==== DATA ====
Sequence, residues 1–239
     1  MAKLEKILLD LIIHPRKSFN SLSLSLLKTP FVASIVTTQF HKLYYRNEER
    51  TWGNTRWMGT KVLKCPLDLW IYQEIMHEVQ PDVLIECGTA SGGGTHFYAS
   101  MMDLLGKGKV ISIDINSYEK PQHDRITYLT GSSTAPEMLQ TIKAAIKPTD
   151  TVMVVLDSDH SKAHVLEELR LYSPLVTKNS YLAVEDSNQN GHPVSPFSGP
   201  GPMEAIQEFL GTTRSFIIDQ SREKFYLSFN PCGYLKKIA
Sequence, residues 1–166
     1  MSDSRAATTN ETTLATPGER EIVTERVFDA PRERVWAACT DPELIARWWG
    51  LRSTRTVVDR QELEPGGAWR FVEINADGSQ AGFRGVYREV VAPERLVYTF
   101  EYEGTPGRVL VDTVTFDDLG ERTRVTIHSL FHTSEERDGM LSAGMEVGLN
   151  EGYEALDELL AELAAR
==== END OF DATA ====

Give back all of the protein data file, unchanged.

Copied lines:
Sequence, residues 1–239
     1  MAKLEKILLD LIIHPRKSFN SLSLSLLKTP FVASIVTTQF HKLYYRNEER
    51  TWGNTRWMGT KVLKCPLDLW IYQEIMHEVQ PDVLIECGTA SGGGTHFYAS
   101  MMDLLGKGKV ISIDINSYEK PQHDRITYLT GSSTAPEMLQ TIKAAIKPTD
   151  TVMVVLDSDH SKAHVLEELR LYSPLVTKNS YLAVEDSNQN GHPVSPFSGP
   201  GPMEAIQEFL GTTRSFIIDQ SREKFYLSFN PCGYLKKIA
Sequence, residues 1–166
     1  MSDSRAATTN ETTLATPGER EIVTERVFDA PRERVWAACT DPELIARWWG
    51  LRSTRTVVDR QELEPGGAWR FVEINADGSQ AGFRGVYREV VAPERLVYTF
   101  EYEGTPGRVL VDTVTFDDLG ERTRVTIHSL FHTSEERDGM LSAGMEVGLN
   151  EGYEALDELL AELAAR